Posted on Mon, 22 Mar 10
Although the link between smoking and cancer is well known, many people are not aware that other lifestyle factors are equally significant determinants of cancer risk (1). Cancer development has little to do with genetics and is determined by environment and lifestyle factors that can be changed to dramatically reduce risk and even delay disease progression (2). At the cornerstone of cancer prevention and care is diet.
Cancer is preventable
Few diseases affect more people and claim more lives than cancer. In many countries cancer is responsible for one in four deaths (3). Your risk for developing cancer can be dramatically reduced by paying attention to healthy lifestyle behaviours such as moderate alcohol use, regular exercise and quitting smoking (4). Lifestyle change can also improve overall health and help you live longer after a cancer diagnosis (5).
Food as medicine
One of the most powerful determinants of cancer development is diet, which is estimated to account for 30–35% of cancer and even more for certain types of cancer. For example, diet is linked to cancer deaths in as many as 70% of colorectal cancer cases (5). Nutrients in food have been found to reduce the development of cancer cells as well as inhibit their spread and growth (7). A diet rich in plant foods such as fruits and vegetables, whole grains, herbs and spices is well known to reduce cancer risk, likely because it provides literally thousands of nutrients with anti-cancer activity (8).
Cancer prevention diet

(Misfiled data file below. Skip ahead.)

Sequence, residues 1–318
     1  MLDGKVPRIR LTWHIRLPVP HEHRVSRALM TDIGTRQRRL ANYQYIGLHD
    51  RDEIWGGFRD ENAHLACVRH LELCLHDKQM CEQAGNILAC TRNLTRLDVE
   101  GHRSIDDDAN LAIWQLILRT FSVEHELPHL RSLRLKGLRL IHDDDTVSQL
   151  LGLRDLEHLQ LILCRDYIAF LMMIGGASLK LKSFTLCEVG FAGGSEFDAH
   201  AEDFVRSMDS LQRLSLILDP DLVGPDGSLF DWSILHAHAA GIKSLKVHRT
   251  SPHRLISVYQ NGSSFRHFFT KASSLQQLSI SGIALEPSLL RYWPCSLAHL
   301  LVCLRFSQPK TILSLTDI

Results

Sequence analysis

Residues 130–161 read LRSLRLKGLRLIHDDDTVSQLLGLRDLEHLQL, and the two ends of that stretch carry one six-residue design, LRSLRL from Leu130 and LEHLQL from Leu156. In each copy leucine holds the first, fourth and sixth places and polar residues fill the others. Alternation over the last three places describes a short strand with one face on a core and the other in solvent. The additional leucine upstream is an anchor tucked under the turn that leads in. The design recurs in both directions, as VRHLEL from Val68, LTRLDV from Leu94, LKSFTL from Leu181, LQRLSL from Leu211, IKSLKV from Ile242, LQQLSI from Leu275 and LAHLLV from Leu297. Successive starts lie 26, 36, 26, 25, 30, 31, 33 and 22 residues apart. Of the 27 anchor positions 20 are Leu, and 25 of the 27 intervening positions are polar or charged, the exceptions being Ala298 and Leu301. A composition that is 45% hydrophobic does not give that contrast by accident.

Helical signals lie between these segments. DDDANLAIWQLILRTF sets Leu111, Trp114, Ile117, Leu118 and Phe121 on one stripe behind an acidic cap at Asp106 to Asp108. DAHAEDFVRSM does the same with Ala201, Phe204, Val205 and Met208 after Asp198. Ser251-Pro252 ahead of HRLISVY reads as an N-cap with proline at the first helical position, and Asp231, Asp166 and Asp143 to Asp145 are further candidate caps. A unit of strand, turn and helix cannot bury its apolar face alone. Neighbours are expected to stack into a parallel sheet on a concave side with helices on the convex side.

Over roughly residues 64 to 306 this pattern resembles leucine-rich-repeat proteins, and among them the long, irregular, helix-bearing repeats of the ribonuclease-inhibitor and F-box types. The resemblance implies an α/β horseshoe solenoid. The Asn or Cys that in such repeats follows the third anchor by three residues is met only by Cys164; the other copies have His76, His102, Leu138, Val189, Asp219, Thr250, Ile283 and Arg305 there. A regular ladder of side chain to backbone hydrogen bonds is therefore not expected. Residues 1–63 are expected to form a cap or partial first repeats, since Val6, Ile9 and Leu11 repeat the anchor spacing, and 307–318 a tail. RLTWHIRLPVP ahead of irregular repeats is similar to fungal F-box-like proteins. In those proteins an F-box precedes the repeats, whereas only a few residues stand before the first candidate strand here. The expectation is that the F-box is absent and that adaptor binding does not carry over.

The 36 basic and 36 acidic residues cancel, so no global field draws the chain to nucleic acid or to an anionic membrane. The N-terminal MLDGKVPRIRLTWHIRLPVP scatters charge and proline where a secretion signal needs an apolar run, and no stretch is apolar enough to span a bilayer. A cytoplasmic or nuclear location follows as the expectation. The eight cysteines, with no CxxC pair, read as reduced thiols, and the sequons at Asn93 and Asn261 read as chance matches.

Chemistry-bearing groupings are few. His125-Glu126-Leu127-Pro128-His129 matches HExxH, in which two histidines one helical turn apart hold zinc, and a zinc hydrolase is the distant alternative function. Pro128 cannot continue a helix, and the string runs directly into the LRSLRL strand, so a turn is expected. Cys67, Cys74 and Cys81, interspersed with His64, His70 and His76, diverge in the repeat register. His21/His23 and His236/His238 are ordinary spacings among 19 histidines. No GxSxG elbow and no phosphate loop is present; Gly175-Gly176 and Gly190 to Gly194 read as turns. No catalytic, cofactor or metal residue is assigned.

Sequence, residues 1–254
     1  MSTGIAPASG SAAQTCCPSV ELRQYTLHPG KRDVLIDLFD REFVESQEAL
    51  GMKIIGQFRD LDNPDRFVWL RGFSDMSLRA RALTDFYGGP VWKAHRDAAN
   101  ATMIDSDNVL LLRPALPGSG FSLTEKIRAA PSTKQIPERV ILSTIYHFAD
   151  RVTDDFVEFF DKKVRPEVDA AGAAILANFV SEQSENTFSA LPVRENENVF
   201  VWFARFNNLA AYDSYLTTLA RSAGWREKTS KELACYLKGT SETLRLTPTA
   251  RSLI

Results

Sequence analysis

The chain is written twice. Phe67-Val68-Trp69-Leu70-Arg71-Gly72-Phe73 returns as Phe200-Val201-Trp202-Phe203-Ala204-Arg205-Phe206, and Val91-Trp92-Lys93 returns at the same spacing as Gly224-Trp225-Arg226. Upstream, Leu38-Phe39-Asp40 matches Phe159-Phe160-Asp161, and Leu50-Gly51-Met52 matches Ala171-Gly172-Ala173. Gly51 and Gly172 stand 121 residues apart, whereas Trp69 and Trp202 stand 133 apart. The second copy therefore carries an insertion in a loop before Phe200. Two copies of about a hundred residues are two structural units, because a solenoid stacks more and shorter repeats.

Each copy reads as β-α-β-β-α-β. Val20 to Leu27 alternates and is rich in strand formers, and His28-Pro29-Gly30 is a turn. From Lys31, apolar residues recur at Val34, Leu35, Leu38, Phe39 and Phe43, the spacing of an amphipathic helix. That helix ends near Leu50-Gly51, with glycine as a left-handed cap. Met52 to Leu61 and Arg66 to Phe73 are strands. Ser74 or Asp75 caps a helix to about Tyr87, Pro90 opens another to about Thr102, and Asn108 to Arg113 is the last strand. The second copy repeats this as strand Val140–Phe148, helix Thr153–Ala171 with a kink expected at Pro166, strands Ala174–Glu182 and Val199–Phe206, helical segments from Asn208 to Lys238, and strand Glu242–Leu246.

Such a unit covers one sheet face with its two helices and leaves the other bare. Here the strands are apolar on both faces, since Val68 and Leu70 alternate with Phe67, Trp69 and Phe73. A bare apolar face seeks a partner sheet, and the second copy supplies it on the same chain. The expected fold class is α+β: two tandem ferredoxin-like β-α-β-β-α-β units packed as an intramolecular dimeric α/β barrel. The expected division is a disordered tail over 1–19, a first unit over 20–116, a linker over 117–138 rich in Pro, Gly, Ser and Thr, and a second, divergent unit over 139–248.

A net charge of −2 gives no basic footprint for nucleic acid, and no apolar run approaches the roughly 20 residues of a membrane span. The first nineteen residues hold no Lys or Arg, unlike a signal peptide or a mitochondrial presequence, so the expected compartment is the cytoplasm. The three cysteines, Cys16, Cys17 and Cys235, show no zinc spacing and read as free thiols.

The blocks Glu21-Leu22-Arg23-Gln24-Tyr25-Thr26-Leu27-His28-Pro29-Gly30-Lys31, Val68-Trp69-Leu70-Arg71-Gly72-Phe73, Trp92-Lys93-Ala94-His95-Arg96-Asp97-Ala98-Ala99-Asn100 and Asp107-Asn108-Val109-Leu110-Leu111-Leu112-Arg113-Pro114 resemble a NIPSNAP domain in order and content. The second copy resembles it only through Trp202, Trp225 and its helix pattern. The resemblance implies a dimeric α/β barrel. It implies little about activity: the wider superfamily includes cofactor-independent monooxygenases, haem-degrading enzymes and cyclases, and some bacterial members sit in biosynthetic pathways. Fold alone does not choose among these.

Traditional Mediterranean cultures that consume plant based diets have a lower risk for several major types of cancers compared to westernised countries (9). Recently it was found that those who eat close to a traditional Mediterranean diet, no matter what country they are from, have a significantly reduced risk of cancer and experience greater health and longevity (10). There are several components of the Mediterranean diet that reduce cancer risk - including high fruit and vegetable intake, high dietary fibre, high intake of micronutrients, low red meat, low refined carbohydrate, and olive oil - indicating that the whole is greater than the sum of its parts (11).
1. Redeker C, Wardle J, Wilder D, Hiom S, Miles A. The launch of Cancer Research UK's 'Reduce the Risk' campaign: baseline measurements of public awareness of cancer risk factors in 2004. Eur J Cancer. 2009 Mar;45(5):827-36.
2. Lichtenstein P, Holm NV, Verkasalo PK, et al. Environmental and heritable factors in the causation of cancer—analyses of cohorts of twins from Sweden, Denmark, and Finland. N Engl J Med. 2000;343(2):78-85.
3. World Health Organisation. Global cancer rates could increase by 50% to 15 million by 2020. Accessed on-line 23-03-2010 at http://www.who.int/mediacentre/news/releases
4. Khan N, Afaq F, Mukhtar H. Lifestyle as risk factor for cancer: Evidence from human studies. Cancer Lett. 2010 Jan 15. [Epub ahead of print]
5. Demark-Wahnefried W, Rock CL, Patrick K, Byers T. Lifestyle interventions to reduce cancer risk and improve outcomes. Am Fam Physician. 2008 Jun 1;77(11):1573-8.
6. Anand P, Kunnumakkara AB, Sundaram C, et al. Cancer is a preventable disease that requires major lifestyle changes. Pharm Res. 2008 Sep;25(9):2097-116.
7. Milner JA. Nutrition and cancer: essential elements for a roadmap. Cancer Lett. 2008 Oct 8;269(2):189-98.
8. Nishino H, et al. Cancer prevention by phytochemicals. Oncology. 2005;69 Suppl 1:38-40
9. Trichopoulou A, Lagiou P, Kuper H, Trichopoulos D. Cancer and Mediterranean dietary traditions. Cancer Epidemiol Biomarkers Prev. 2000 Sep;9(9):869-73.
10. Sofi F, Cesari F, Abbate R, Gensini GF, Casini A. Adherence to Mediterranean diet and health status: meta-analysis. BMJ. 2008 Sep 11;337:a1344. doi: 10.1136/bmj.a1344
11. Pelucchi C, Bosetti C, Rossi M, Negri E, La Vecchia C. Selected aspects of Mediterranean diet and cancer risk. Nutr Cancer. 2009 Nov;61(6):756-66.